It is possible you adore all sport, can speed-read reams of statistics and flip channels with Federeresque wristwork. It is probable that you discuss swing planes studiously and convincingly argue Leicester's future. But what would be really impressive is if you can identify those people you find in arenas, with arms often crossed, mouths sometimes dry, hearts occasionally lurching and faces often unmoving.
Not those hand-waving, penalty-whining, press conference-frothing EPL fellows. I'm talking about the invisible tribe. The rowing coach who builds Olympians for a small salary; the dutiful sailing sage who never makes a front page; the inspirational wrestling guru who gets asked at events, "So what do you do?"
Of course coaches can be lousy, dictatorial, sloppy and cheats. But there are also coaches who are insightful and driven. Like Singapore swimming's assistant coach Gary Tan, whose wake-up call is at 4.40am. Like the guy with the silver hair who sits behind shooter Jasmine Ser. Two years ago his hair wasn't silver and he was many kilograms heavier. A nutritionist told Kirill Ivanov there was no secret to his new self. It was stress.
He shrugs. He's a coach, this is an Olympic year and perfection is his business. Of course he's anxious.
Coaches use patience, whistles, discipline and invention to excavate talent and there's something altruistic in trying to find the best in somebody else. In effect you're waking early for someone else's dream. Ivanov used to be a world champion in the 10m air rifle and has a 1988 Olympic bronze in the 50m three-positions, but firing a gun is always "easier" than teaching it.
"It can be quite frustrating," he says. "You train well but there is always something not perfect even if you shoot well in competition. Improvement has no limit and this is sport." When he speaks it makes you consider that in the list of great philosophers, just after Confucius, Descartes, Plato, come these coaches. Introspection is their daily bread.
Ivanov's job, of course, is a quieter pursuit than Tan's, for the latter can be found cheering on the pool deck or, if furious, hurling a clipboard. He can do that because during a race the swimmer cannot see him. "But after the race I'm calm," says Tan. "You let your emotions go during a race and then show a poker face."
Swimming is raucous, dramatic, flooded with adrenaline but shooting is slower and sombre, as if every emotion is buried under those bulky shooting jackets. "The sport is emotional," says Ivanov, "but we have to block it out and concentrate on our technical skills." The shooter must show nothing during competition, the coach even less. "I can't show her my stress," he says, "I hope I don't show it." I asked Ser: No, he doesn't.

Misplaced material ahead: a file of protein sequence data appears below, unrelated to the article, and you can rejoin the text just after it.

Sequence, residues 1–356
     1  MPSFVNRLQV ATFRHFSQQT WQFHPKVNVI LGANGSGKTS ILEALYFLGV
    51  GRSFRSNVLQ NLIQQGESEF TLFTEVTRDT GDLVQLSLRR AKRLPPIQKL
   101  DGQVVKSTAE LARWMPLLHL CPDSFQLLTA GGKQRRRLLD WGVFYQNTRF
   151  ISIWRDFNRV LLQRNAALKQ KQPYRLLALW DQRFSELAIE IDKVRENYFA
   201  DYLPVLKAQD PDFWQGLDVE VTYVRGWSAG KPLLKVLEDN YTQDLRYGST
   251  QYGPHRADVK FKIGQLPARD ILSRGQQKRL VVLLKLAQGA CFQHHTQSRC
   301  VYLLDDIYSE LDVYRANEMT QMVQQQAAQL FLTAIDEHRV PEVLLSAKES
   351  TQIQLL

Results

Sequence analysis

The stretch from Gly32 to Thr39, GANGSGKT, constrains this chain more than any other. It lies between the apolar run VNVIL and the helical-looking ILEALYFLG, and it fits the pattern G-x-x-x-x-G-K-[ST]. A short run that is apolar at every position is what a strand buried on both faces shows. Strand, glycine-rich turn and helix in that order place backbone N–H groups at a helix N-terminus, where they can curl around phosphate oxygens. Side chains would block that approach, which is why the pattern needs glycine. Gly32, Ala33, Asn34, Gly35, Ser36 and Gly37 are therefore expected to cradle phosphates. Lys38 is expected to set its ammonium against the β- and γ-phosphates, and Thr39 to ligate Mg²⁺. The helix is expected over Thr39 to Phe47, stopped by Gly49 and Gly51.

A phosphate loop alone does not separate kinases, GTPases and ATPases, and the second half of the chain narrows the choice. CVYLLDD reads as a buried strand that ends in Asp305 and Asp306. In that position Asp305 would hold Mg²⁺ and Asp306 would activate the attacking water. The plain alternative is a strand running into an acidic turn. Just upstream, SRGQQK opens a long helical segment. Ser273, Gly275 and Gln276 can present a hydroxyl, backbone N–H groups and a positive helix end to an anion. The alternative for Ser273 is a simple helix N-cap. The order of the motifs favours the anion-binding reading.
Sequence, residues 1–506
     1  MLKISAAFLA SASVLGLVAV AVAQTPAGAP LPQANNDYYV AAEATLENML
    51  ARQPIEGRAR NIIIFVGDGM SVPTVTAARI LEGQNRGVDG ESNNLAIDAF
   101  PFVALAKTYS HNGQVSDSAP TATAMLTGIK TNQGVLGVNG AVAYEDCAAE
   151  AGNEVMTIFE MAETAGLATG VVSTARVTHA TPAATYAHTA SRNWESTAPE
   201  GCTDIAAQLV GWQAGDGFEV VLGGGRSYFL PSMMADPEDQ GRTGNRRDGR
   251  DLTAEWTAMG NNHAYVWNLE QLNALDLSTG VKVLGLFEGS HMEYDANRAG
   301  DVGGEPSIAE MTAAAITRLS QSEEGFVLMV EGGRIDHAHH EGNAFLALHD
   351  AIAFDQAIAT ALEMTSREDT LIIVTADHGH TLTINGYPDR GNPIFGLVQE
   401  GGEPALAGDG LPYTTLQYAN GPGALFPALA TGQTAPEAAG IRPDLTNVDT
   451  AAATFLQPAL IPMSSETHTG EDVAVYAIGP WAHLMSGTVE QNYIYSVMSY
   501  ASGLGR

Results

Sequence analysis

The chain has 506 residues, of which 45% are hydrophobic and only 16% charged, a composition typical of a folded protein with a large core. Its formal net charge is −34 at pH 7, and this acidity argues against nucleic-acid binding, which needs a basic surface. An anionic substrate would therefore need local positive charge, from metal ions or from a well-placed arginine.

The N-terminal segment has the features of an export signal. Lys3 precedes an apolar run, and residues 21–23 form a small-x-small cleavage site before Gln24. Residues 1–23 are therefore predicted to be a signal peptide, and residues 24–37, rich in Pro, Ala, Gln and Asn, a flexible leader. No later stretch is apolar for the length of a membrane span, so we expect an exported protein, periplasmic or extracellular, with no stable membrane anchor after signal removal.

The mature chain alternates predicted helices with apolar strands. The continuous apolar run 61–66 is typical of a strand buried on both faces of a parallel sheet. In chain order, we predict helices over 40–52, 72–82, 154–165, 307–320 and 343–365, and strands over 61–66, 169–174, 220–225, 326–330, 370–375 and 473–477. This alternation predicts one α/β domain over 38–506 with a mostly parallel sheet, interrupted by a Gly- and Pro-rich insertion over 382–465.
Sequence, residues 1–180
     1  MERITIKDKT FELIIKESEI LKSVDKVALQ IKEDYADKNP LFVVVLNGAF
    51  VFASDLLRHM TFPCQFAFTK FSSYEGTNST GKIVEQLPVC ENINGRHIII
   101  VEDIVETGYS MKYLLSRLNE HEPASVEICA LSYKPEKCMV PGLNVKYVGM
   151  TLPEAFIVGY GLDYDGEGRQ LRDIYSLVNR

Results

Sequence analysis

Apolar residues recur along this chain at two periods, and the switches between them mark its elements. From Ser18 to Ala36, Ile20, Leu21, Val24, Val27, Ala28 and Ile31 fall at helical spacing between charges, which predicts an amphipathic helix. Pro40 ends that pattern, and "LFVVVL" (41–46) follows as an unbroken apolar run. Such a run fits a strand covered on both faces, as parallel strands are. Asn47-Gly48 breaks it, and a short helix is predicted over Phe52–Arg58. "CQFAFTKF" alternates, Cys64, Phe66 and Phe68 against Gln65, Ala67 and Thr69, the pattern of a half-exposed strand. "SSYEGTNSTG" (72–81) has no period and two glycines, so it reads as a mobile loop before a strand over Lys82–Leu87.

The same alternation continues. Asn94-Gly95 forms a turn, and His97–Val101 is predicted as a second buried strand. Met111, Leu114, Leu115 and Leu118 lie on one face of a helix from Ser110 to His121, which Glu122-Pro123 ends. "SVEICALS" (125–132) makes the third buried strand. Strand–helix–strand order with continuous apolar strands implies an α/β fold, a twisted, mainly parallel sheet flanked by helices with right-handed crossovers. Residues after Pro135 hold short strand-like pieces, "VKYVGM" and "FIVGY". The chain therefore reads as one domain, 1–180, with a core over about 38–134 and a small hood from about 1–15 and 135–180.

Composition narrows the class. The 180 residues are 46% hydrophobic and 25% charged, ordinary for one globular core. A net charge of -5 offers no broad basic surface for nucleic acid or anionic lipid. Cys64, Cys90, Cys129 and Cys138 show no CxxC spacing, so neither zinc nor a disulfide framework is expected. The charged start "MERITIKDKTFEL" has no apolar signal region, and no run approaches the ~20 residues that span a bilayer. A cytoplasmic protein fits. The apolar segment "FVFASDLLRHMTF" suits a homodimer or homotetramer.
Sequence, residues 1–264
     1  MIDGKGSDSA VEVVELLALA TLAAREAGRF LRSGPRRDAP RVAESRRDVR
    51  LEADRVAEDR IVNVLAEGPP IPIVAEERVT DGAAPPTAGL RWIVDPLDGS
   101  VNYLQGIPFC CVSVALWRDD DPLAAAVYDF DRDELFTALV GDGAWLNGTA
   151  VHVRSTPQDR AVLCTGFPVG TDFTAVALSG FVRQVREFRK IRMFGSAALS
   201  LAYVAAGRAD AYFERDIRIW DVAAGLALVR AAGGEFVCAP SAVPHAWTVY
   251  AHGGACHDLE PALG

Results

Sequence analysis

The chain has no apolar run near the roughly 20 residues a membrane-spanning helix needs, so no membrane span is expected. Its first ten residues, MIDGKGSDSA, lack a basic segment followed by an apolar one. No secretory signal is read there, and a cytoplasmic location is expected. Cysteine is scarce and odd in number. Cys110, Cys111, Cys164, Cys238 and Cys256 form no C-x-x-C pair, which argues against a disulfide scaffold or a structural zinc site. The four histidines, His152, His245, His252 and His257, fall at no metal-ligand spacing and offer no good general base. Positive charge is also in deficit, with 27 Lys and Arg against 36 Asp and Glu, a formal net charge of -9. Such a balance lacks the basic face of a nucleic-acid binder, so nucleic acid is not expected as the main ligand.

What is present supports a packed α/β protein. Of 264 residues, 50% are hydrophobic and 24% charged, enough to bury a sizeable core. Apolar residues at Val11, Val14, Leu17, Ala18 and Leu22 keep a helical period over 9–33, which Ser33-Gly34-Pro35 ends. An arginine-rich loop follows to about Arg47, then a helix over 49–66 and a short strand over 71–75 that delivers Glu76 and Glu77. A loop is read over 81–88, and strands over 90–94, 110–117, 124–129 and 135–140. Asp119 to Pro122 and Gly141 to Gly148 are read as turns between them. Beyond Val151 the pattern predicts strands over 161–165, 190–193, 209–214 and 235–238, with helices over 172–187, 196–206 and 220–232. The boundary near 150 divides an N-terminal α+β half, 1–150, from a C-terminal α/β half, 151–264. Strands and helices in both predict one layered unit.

Of course coaches can be lousy, dictatorial, sloppy and cheats. But they're also coaches who are insightful and driven. Like Singapore swimming's assistant coach Gary Tan whose wake-up call is at 4.40am. Like the guy with the silver hair who sits behind shooter Jasmine Ser. Two years ago his hair wasn't silver and he was many kilograms heavier.
A nutritionist told Kirill Ivanov there was no secret to his new self. It was stress.
Ivanov's stress is more intense before competition, in the day-to-day sandpapering of talent, in trying to turn a human being into a flawless instrument that can repetitively fire a tubular weapon. The coach may have four years to do this, yet there are never enough years. Says Ser with a grin: "I can tell when he's stressed. His tone changes."
Once an Olympics begins, the coach often becomes a silent study in helplessness. His athlete is like a child let out into the world: The time for hand-holding is done. "If she makes mistakes during competition," says Ivanov, "there is nothing I can do. Sometimes I call her out to speak, sometimes it is not reasonable because of the time limit." In one or two minutes it's not always possible to turn a bad day to a great one.
Swimming coaches don't even have that tiny luxury for there is no mid-water conference. So, says Tan, they study turns from the pool deck, they look for smoothness, they examine body language. And when a race is done they also know that sometimes honesty is not the most sensible tactic.
"There is a lot of psychological warfare involved," explains Tan. "Even if a guy has looked terrible we might tell him he looks great because he has a few more swims left. You can't afford to tell him the truth right then. Only if they have given up, we tell them. And it's very clear when they give up. It's easy to tell because they don't struggle. You can tell a guy is taking a bath."
Through the long, lonely days and endless struggles, athlete and coach can build trust and harmony. "I can say anything to him," says Ser. "Sometimes I start to speak and she understands," says Ivanov. They are readers of sport and also of each other. "I look at her (during competition)," he says, "and think about what she should do and I hope she will get my thoughts and do it."
I ask him if he prays and he pauses. "Prayer brings nothing." Only practice does. There are 87 days of it left before Rio and in an uncertain sporting world one cannot guarantee fame or fortune for a coach but perhaps at least this: Ivanov's hair will not change any more colours. It will probably only fall out.
A version of this article appeared in the print edition of The Straits Times on May 10, 2016, with the headline 'Coaches who encourage magic by using the philosophers' tone'. Print Edition | Subscribe
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